Cleve September, Jamael Westman, Jason Pennycooke and Tarinn Callender
Cleve September, Jamael Westman, Jason Pennycooke and Tarinn Callender
© Matthew Murphy

Hamilton's not going to make history at the Olivier Awards on Sunday night. I've already laid out my hunch that, despite its record-breaking number of nominations, it won't top Harry Potter's nine. Doing so would mean winning in every one of the 10 categories its got a contender in. To surpass Matilda as the most recognised musical, it needs to take home eight. New voting rules make things a shade unpredictable, though. It may yet sweep the board just by being the most seen.

It's perfectly conceivable that Follies gets six, Hamilton five

In private, I've gone further still. I've got a friendly bet – not for cash, I'm a critic, not Cameron Mackintosh – that Hamilton won't even be the biggest winner on the night itself, let alone of all-time. Follies has every chance of pipping it at the post: strong in categories where Hamilton's weakest. Its designers – Vicki Mortimer's set and spangled costumes, Paule Constable's lighting – could and should hoover up the production prizes. Hamilton, meanwhile, has its fair share of trip hazards: up against dance musicals 42nd Street and An American in Paris in the choreography stakes, while its women must contend with the Follies themselves, as well as those brilliant girls from the North Country. It's perfectly conceivable that Follies gets six, Hamilton five.

However, the stiff competition of a strong year isn't the main thing holding Hamilton back. History is, ironically enough. The fact is that heavyweight American musicals, laden with Tonys, almost never measure up at the Oliviers.

Surprising, but true – and the list is long. The Book of Mormon arrived with nine Tonys in tow, but came away from the Oliviers with just four statuettes. Kinky Boots won six on its home turf, but half that over here – retribution, perhaps, for squeezing Matilda out of Broadway glory. The Producers plummeted from 12 to three; Once's eight translated to just two, Hairspray dropped from seven to four. Plenty of others have shared the same fate on a smaller scale: Spring Awakening (eight Tonys, four Oliviers), In The Heights (four to three), Memphis (four to two) and Jersey Boys went from four to one, while three-Tony shows Fela, Spamalot and Avenue Q all left empty-handed.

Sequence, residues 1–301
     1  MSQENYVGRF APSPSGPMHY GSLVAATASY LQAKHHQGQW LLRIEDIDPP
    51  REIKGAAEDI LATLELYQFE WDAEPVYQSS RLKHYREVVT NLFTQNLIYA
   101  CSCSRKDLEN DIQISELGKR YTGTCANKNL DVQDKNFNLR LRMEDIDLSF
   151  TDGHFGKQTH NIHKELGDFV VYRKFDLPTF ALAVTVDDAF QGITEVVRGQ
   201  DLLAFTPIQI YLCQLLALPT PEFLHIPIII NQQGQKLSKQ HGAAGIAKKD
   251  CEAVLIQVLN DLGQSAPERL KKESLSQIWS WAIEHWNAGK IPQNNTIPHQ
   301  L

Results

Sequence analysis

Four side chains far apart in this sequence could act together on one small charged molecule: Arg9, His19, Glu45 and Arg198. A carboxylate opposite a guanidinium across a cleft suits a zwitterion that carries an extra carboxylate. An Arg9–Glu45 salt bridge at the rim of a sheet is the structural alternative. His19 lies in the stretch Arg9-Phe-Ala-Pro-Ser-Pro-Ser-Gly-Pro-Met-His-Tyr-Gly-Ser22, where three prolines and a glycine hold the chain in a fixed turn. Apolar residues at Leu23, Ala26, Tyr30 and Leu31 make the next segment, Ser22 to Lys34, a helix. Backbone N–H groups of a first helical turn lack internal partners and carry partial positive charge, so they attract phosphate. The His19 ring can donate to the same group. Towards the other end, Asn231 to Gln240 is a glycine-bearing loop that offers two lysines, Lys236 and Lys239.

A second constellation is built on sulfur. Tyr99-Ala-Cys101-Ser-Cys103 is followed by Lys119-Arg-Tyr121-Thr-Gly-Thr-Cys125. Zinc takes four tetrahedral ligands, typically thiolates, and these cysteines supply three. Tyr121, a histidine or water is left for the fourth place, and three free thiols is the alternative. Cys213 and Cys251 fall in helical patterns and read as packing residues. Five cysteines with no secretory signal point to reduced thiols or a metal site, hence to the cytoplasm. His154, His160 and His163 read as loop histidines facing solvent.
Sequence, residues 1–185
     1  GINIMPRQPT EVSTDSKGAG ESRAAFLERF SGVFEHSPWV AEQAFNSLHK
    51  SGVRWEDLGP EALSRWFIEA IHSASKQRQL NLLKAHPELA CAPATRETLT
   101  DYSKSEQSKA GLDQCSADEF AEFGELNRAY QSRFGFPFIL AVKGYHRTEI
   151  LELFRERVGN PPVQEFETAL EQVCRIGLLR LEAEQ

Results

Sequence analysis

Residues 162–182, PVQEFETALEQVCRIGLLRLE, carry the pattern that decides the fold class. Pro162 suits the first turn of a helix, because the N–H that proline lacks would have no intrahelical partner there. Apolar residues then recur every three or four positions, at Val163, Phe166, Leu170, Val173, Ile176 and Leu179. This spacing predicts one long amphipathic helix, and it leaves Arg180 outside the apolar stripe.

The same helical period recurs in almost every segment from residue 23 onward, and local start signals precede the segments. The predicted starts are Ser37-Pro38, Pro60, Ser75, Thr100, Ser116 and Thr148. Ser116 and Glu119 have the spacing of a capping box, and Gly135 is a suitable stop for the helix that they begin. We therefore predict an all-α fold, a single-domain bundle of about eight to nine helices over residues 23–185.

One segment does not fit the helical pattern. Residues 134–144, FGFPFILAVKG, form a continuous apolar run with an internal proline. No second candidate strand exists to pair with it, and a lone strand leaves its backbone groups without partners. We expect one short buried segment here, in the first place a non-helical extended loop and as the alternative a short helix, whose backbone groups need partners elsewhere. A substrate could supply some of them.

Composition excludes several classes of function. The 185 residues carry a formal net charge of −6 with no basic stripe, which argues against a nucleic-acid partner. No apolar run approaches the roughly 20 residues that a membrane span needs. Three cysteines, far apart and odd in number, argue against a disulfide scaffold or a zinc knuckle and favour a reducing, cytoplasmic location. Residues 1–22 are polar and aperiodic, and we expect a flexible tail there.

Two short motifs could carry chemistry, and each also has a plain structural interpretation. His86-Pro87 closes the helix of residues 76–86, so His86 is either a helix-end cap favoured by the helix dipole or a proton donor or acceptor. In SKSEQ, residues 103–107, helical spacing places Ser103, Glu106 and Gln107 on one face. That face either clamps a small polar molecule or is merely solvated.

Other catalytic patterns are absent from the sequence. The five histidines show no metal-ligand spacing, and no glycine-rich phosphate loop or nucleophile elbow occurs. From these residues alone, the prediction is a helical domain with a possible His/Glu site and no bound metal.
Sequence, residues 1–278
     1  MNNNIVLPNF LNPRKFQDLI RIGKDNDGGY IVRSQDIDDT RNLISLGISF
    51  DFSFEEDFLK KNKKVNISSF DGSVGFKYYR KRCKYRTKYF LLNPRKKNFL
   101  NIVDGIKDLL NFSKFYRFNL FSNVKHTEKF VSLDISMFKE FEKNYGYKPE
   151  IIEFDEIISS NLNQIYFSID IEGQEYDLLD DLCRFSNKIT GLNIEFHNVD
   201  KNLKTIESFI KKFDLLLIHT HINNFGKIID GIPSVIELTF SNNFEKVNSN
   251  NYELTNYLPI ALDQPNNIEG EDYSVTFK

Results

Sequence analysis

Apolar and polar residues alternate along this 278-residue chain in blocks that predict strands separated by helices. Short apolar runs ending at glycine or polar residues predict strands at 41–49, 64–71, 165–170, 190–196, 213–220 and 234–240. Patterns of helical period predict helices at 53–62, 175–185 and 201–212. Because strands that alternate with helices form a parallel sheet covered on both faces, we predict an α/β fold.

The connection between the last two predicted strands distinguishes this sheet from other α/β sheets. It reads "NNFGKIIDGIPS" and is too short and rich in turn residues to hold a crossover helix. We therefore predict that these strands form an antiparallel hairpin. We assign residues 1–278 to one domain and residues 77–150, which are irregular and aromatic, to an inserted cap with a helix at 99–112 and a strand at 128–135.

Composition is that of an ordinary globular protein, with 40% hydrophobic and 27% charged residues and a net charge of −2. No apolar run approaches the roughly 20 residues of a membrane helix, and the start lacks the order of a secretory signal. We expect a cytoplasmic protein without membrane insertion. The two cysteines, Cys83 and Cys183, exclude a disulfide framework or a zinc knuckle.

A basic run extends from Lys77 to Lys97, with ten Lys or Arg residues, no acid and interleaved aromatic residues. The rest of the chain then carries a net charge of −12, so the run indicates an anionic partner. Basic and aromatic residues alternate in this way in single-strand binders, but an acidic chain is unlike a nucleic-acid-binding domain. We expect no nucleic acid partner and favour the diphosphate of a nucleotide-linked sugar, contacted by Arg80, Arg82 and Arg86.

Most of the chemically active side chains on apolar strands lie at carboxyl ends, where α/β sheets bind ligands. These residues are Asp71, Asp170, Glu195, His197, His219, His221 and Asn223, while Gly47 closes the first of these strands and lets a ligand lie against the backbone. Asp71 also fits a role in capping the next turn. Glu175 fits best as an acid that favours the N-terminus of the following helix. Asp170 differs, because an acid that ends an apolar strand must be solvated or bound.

Broadway lives and dies by its tuners, so it tends to ensure that they're recognised

It's enough of a trend to think something's up. Mostly, it's a matter of categorization. Broadway lives and dies by its tuners, so it tends to ensure that they're recognised. Musicals have their own design and direction prizes, where here they're lumped in with straight plays, while there are specialist Tonys for book, score and orchestration – all unrewarded over here. The upshot is that musicals are better placed at the Tonys than they are at the Oliviers.

Is that all there is? Well, if it was, you'd expect British musicals to fare just as well on Broadway. In fact, transatlantic transfers falter in both directions. Matilda, as I've mentioned, dropped from seven to five, while Groundhog Day came away with nothing and neither Sister Act, Mary Poppins nor Mamma Mia! measured up. As it is, this century, only Billy Elliot increased its haul away from home.

All of which gives lie to the idea that awards are in any way an even playing field. There's a distinct home advantage at play – a fact that might come from anywhere: favour shown to known names, the simple fact of novelty, maybe just the promotional nature of these things. One way or another, it goes to show that awards are, at heart, mere follies – and that may cost Hamilton dear.